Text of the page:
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November 22, 2013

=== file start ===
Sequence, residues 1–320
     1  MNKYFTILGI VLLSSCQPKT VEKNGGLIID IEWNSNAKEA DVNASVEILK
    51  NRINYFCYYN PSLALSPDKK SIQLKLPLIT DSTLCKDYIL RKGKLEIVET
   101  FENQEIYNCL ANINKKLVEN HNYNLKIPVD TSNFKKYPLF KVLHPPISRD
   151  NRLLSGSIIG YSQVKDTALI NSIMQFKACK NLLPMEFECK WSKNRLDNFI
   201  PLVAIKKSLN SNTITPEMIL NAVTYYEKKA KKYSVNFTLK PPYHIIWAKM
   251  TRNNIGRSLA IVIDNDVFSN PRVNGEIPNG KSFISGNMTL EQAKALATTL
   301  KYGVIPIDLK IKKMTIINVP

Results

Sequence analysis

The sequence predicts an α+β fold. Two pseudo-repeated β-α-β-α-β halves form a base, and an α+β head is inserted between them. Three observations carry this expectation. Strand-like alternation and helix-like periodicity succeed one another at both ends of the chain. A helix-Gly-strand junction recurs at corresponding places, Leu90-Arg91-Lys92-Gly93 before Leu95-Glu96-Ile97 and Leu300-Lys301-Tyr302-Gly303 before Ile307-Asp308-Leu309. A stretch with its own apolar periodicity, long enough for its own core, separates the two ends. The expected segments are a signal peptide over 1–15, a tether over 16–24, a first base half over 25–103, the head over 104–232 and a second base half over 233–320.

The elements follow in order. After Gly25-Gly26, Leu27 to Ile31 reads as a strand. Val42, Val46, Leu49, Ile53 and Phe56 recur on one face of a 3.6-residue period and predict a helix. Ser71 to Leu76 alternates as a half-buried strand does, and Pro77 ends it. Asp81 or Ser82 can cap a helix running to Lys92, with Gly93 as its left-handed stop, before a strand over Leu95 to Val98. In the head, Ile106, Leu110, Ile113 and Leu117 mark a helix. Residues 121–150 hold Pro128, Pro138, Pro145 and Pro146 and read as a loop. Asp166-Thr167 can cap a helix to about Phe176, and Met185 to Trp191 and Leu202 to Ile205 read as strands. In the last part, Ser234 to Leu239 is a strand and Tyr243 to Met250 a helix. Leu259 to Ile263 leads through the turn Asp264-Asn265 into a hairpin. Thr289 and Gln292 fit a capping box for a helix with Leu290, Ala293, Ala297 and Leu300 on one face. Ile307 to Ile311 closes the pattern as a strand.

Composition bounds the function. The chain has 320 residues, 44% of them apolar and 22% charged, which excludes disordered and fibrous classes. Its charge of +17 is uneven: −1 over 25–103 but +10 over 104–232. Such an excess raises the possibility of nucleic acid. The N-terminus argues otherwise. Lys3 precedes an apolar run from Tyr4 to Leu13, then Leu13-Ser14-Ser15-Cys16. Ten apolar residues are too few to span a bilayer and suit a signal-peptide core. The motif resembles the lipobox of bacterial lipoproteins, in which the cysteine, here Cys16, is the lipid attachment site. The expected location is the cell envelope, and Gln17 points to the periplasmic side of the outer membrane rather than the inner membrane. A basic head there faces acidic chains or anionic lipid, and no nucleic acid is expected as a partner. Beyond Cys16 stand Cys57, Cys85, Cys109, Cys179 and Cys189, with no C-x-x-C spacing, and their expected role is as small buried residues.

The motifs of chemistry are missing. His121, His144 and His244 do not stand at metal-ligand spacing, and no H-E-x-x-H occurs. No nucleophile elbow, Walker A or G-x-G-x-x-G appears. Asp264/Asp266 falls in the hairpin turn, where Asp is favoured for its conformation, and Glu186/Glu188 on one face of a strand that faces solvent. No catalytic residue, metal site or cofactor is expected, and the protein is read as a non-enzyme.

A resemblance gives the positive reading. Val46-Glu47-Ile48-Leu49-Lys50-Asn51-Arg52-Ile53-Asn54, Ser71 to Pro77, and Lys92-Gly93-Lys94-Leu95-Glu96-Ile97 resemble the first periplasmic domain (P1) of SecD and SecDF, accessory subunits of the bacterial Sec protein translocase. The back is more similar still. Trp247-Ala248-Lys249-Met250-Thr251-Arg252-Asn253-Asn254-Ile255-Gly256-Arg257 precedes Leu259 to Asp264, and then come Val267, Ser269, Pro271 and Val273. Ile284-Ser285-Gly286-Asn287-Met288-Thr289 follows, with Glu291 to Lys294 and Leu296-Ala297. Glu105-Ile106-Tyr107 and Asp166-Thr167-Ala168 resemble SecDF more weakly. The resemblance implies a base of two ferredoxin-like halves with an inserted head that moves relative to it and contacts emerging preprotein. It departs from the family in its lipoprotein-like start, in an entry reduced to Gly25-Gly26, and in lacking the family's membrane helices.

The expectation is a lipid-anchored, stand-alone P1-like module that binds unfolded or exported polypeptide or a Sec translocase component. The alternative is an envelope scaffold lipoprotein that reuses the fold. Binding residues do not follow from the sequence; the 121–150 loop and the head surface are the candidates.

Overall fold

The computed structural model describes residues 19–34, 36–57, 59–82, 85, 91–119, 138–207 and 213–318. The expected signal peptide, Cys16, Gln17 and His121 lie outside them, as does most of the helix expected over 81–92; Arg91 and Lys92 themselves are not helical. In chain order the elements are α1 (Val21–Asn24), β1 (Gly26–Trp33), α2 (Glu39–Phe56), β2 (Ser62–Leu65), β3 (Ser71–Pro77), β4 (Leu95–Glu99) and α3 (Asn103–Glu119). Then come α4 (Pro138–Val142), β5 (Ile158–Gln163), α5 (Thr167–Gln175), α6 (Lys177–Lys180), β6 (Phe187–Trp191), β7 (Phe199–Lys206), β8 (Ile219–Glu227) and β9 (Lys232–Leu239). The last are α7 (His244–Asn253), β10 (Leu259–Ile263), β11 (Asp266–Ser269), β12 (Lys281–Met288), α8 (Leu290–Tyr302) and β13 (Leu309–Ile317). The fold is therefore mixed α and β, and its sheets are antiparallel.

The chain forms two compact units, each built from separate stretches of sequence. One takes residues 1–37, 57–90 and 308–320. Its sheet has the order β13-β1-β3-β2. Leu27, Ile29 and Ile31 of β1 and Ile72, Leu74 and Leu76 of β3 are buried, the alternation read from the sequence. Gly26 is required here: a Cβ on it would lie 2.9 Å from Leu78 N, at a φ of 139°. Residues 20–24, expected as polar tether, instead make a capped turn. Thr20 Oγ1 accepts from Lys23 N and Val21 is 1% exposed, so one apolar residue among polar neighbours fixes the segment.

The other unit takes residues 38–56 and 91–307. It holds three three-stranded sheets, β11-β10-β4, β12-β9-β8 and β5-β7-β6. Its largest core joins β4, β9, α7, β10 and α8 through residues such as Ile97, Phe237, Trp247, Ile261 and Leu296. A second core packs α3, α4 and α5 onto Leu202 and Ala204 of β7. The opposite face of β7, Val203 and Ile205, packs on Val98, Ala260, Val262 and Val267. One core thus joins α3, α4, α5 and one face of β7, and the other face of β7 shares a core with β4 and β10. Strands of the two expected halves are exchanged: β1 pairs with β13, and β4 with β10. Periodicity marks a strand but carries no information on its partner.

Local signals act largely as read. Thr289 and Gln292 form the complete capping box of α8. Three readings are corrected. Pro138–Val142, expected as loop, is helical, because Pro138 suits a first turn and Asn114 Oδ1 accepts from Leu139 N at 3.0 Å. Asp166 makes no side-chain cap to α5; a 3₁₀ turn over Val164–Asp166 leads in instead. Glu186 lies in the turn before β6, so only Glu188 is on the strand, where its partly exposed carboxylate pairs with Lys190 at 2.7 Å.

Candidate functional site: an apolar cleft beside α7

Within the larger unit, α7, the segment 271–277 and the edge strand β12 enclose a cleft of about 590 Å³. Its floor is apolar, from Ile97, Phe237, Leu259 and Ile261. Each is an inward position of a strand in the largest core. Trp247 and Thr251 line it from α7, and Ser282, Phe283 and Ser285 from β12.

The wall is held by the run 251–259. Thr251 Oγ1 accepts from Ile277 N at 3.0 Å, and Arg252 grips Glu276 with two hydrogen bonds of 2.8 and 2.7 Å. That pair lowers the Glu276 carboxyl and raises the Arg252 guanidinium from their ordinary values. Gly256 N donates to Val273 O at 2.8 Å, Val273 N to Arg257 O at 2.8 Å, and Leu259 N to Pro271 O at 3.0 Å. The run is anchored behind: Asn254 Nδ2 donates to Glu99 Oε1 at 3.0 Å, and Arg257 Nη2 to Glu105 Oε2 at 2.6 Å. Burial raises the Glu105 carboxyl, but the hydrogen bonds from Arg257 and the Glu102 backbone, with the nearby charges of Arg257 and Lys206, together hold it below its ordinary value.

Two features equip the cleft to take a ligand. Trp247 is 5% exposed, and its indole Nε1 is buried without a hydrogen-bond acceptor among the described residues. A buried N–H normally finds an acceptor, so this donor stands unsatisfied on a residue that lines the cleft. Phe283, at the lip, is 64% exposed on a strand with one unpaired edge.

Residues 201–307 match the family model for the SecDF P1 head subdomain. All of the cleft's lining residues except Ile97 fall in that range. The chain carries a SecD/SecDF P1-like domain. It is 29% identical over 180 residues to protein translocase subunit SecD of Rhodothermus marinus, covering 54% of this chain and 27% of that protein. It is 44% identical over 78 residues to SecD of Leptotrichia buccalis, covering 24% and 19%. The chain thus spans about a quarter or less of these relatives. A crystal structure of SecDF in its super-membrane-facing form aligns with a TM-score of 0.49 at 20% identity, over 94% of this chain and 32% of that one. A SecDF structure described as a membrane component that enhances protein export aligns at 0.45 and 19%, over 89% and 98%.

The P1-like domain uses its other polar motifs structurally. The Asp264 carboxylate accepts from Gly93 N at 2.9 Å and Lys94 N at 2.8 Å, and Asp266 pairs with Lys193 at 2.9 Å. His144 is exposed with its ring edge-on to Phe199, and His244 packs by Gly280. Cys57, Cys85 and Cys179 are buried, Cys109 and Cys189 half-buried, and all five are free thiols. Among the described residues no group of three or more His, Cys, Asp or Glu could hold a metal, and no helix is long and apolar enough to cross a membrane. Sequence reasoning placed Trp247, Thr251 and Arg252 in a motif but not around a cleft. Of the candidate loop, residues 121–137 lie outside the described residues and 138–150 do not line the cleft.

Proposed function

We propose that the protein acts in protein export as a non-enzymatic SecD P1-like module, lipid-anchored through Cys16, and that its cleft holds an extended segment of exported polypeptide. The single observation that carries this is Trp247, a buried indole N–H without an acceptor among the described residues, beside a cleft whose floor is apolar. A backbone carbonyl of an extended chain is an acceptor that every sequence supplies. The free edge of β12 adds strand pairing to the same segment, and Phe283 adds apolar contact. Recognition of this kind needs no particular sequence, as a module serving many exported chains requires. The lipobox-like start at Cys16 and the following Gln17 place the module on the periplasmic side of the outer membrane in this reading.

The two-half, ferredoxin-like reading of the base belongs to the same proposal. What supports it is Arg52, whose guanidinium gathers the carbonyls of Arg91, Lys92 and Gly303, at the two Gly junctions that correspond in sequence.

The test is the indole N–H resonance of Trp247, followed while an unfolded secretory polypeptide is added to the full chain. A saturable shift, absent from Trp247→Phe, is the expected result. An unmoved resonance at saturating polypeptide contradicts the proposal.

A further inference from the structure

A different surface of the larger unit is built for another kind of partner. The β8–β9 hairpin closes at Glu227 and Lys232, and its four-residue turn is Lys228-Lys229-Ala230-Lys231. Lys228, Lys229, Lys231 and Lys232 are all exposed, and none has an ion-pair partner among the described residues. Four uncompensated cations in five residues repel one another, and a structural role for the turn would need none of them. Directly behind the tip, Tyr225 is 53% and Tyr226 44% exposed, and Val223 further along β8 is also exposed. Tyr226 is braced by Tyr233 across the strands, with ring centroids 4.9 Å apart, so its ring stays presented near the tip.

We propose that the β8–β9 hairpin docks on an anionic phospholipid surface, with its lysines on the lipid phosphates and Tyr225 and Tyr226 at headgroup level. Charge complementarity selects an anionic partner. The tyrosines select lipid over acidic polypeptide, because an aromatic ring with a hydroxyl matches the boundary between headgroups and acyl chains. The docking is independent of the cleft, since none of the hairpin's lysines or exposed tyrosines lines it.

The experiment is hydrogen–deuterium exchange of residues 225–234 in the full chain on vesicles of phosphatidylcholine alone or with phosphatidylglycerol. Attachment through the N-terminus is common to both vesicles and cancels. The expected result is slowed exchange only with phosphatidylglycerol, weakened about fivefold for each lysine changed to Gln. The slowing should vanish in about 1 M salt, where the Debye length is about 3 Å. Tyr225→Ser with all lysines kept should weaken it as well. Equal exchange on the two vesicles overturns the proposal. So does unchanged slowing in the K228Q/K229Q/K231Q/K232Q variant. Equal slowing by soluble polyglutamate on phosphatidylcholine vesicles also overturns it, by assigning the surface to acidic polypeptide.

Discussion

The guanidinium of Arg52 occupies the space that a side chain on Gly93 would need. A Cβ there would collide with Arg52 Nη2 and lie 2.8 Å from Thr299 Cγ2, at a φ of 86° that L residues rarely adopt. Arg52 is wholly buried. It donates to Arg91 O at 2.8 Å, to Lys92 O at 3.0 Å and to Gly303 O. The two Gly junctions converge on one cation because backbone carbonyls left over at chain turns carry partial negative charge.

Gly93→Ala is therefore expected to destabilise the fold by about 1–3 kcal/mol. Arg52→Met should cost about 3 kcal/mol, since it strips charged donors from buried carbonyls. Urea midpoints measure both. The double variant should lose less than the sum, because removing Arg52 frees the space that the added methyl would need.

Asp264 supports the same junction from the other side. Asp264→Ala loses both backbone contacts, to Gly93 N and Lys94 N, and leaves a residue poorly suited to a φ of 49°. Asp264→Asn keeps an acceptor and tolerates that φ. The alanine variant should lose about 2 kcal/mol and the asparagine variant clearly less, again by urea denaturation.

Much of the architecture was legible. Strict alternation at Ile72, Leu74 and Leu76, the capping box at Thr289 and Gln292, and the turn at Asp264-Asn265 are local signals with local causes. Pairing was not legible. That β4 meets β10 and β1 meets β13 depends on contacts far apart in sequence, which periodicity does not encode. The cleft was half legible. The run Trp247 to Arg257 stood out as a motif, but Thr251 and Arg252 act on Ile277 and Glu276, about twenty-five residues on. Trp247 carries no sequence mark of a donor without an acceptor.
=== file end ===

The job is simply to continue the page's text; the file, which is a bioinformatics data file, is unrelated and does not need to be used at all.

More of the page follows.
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HERITAGE FLORIDA JEWISH NEWS, NOVEMBER 22, 2013 i By Adam Levick The Algemeiner Jewish Daily Forward 'Top 50' includes promoter of anti-Semitism Glenn Greenwald The Jewish Daily For- ward 2013 'Top 50' represents their annual survey of the 50 men and women who've made "a significant impact on the Jewish story" over the past year, and is informed by "rules require that every one is an American citizen whose actions speakwith a Jewish inflection." Their 2013 list includes such prolific Jewish voices as Philip Roth and Ruth Wisse--as well asaformerGuardian columnist we've commented on quite frequently: Their selection of Glenn Greenwald is explained thusly: The biggest story of 2013, and possibly the decade, has been the exposure of the National Security Agency's domestic and international surveillance program, includ- ing the extent of intelligence- sharing between America and Israel. At the center of this story--its conduit--is Glenn Greenwald. As a columnist for the Guardian, Greenwald came into contact with the NSA security contractor Edward Snowden in May. Snowden was ready to reveal the ex- tent of the agency's spying, and Greenwald's first story ran on June 6. At that point, Greenwald became the world's most important journal- ist--though some question whether he is a journalist or an advocate. Greenwald, 46, is based in Brazil, where he lives with his partner, but he grew up in New York and Florida and worked as a constitutional and civil rights lawyer before he started a blog in 2005 and saw his career take off. Though his fame over the past year has been due to the NSA revelations, Greenwald's columns, at Salon and the Guardian, frequently dealt with Israel in a critical way. Whilst the far-left orienta- tion of the paper, which once ran a glowing profile of a prolific opponent of Israel's continued existence known as Ali Abunimah, at least partly explains the honor they bestowed to Greenwald, their characterization of his politics as 'critical of Israel' represents a simply egregious deception. As we've demonstrated continually, it is not at all an exaggeration to characterize Greenwald's hostility to Israel (and the U.S.) as similar to PAGE 5. . the hate rhetoric of Islamist extremists--a fact that may in part explain Greenwald's defense of Hamas, Hezbollah, and even, on at least one oc- casion, an American Al Qaeda operative. Additionally, to get a sense of The Jewish Daily Forward's ideologicalairbrush of Green- wald--employing the Guard- ian tactic of characterizing commentators who engage in anti-Semitism as merely "critical of Israel." In its time of need, repaying a debt to the Philippines By Alan H. Gill NEWYORK (JTA)--As the extent of the catastrophic damage and tragic death toll continues to grow in the Philippines, a particu- larly heroic piece of history should be recalled by the global Jewish community, which owes a debt to the island nation. Seven decades ago, a Philip- pine president, a globetrotting Jewish family named Frieder and the American Jewish Joint Distribution Committee, my organization, helped save the lives of more than 1,000 Jews who otherwise would have almost certainly died in the Holocaust. Thanks to their initiative, these refugees were issued rare travel certificates to the Asian country to work as skilled laborers in the Frie- ders' cigar factories in Ma- nila-though in reality, few of them had any experience in the industry whatsoever. The audacious operation, seem- ingly extraordinary today, is the subject of the recently released documentary "Res- cue in the Philippines." At the time that Manuel Quezon admitted Jews to his country, the Filipino presi- dent made what seems today like a remarkably prescient statement. "The people of the Philip- pines will have in the future every reason to be glad that when the time of need came, their country was willing to extend a welcome hand," he was quoted as saying. We recalled this moment in history last week when we began reading reports and watching coverage of the impending super typhoon Haiyanmthe strongest storm in recorded history--as it barreled toward the Philip- pines. In anticipation Of the impact, JDC's disaster relief and development staff as- sembled a contingency plan that went into full effect once news emerged of the death and destruction wrought by Haiyan. As part of our ongoing -response to the typhoon, JDC will ship critically important food, shelter, and hygiene and medical suppliesmas well as ensure the provi- sion of water and sanitation items and shelter support-- through its partners, the Afya Foundation and Catho- lic Relief Services. JDC's ad- vance team of disaster relief and development experts will head to the Philippines later this week to assess damage and needs while consulting with our local/international partners and the Filipino Jewish community to eysure maximum impact for storm survivors. About 30 percent of funds raised will be dedicated to im- mediate relief for food, water, shelter, medical supplies and care, unless the emergency phase lasts longer because of expanding, critical needs among survivors. The rest will be invested in sustainable local projects thatwill emerge in the long, slow process of rehabilitation that is sure to come. It's a formula JDC, which is celebrating its centennial this year, has developed over decades of efforts in the field, from helping Ukrainians starved by the Bolsheviks in the 1920s to rehabilitat- ing survivors of genocide in Rwanda. And on behalf of the North American Jewish com- munity and with its support, we have over the past decade delivered tens of millions of dollars in aid to victims of natural and manmade disas- ters in Southeast Asia, Haiti and Japan. These efforts now come full circle, especially for one member of our team arriv- ing in the Philippines later this week, Danny Pins. In addition to being one of our developmentand employment experts, Pins' mother and grandparents were among the German Jews who fled to the Philippines to seek safe haven in 1938. His posting, in many ways a homecoming despite previous trips to the country, is highly symbolic. Today, in the wake of one of the worst storms in his- tory, with perhaps more than 10,000 dead and hundreds of thousands homeless, we are fully committed to fulfilling President Quezon's prophecy and returning the favor to the Filipino people. Not just because we are Jews, the heirs to this nation's life-saving ac- tions, but because we firmly believe in mutual responsi- bility and the idea that each individual life is valuable beyond measure. Alan H. Gill is the CEO of the American Jewish Joint Distribution Committee. By Rafael Medoff A tried-and-true method for lobbyists whose cause is opposed by the U.S. president is to bypass the White House by going to Congress. It worked for Jewish activists in 1943. But will it work in the current battle over sanctions on Iran? Seventy years ago, the Holocaust rescue activists known as the Bergson Group found themseh)es stymied by an administration that did not want to take action to save Jewish refugees from the Nazis. President Frank- lin Delano Roosevelt and his aides insisted that rescue was not possible until the Nazis were defeated on the battle- field. The White House called its policy "rescue through victory"--a clever way of dis- guising what was, in reality, a policy of nonrescue. The Bergson Group looked to Congress for help. In the autumn of 1943, just before Yom Kippur, the Bergsonites and an Orthodox rescue group, the Va'ad ha- Hatzala, brought 400 rabbis to Washington, D.C., for an unprecedented march to Capitol Hill and the White House. The dramatic protest helped galvanize members of Congress to introduce a resolution calling on FDR to create a new government agency to rescue Jewish refugees. Bergson understood the political importance of lin- Would 1943 Holocaust advocacy work today toward lran sanctions? ing up supporters from both sides of the aisle. Itwas quite a coup that the leading spon- sors of his resolution were Congress members from President Roosevelt's own party: U.S. Sen. Guy Gillette of Iowa and U.S. Rep. Will Rogers, Jr. of California. Presidents don't like when activists use Congress to advance a policy that the administration opposes. FDR didn't like what Bergson was doing, and the adminis- tration of President Barack Obama doesn't like that some pro-Israel activists today are urging Congress to tighten sanctions on Iran. White House Press Secretary Jay Carney has called the con- gressional sanctions effort "a march to war." In 1943, the Roosevelt administration's allies in Congress tried to slow down the rescue resolution by insisting on full hearings before the House Foreign Affairs Committee. Bergson arranged for an impressive array of public figures to testify in support of the resolution. Probably the most important was New York City Mayor Fiorello La Guardia. The fact that he was a staunch supporter of Presi- dent Roosevelt's policies in general gave La Guardia credibility to challenge FDR on refugee policy. In his testimony, La Guar- dia zeroed in on the fact that the administration had recently established a com- mission to rescue historic buildings and monuments in war-torn Europe. ("Monu- ments Men," a new George Clooney movie about that effort, will be released in February.) The mayor told the congressional hear- ing, "This very important problem.., is not like the destruction of buildings or monuments, as terrible as that may be, because, after all, they may be rebuilt or even reproduced; but when a life is snuffed out, it is gone; it is gone forever." Unfortunately, American Jewish leaders were divided on the rescue resolution. Rabbi Stephen S. Wise, head of the American Jewish Con- gress and a fervent supporter of President Roosevelt, testi- fied that the Gillette-Rogers resolution was inadequate because it did not state that refugees should be brought to Palestine. (Bergson had deliberately omitted the con- tentious Palestine issue from the wording in order to gain the backing of more members of Congress.) This display of Jewish disunity nearly doomed the resolution. Today, by contrast, there appears to be unity among the major Jewish organiza- tions in support of congres- sional efforts to tighten sanctions on Iran. The Israeli daily Ha'aretz claimed in a Nov. 1 news article that leaders of four Jewish groups agreed to a White House request to temporarily hold off on the sanctions effort. But in response, two of the groups--the American Israel Public Affairs Com- mittee and the American Jewish Committee--pub- licly reaffirmed their sup- port for tighter sanctions. A third, the Conference of Presidents of Major Ameri- can Jewish Organizations, did not indicate any change in its support for tighter sanctions. A fourth, the Anti- Defamation League (ADL), initially confirmed that it would refrain from urging more sanctions, but 10 days issued a statement reversing that position. Back to 1943: The Roos- evelt administration coun- tered Bergson and La Guar- dia by sending its top refugee policy expert, Assistant Secretary of State Breck- inridge Long, to testify against the Gillette-Rogers resolution. But that move backfired when Long wildly exaggerated the number of refugees who had already been admitted to the United States. Now the mainstream Jewish organizations, while still hostile to the Bergson Group, nevertheless joined with Bergson in denounc- ing Long's distortions. That made it harder for the Roos- eyelt administration to play divide-and-conquer. President Roosevelt, faced with this rising tide of criti- cism from the Jewish com- munity and Congress, re- luctantly agreed to create a rescue agency. It was called the War Refugee Board. Although FDR gave it only token funding (90 percent of its budget came from Jewish organizations), and the State Department and War Depart- ment often failed to cooperate with its efforts, the Board played a key role in the rescue of some 200,000 Jews in the waning months of the war. Jewish disunity nearly derailed the 1943 rescue resolution. If not for a twist offate--Breckinridge Long's preposterous testimony-- the War Refugee Board might never have been cre- ated. Perhaps today's Jewish leaders have learned a lesson from that experience. Dr. Rafael Medoff is direc- tor of The David S. Wyman Institute for Holocaust Stud- ies, in Washington, D.C. His latest book is "FDR and the Holocaust: A Breach of Faith." Dry Bones WHAT t5 REALLY OIST00BII400 15 THAT POLITICALCARTOONS.coM DRYBONES,COM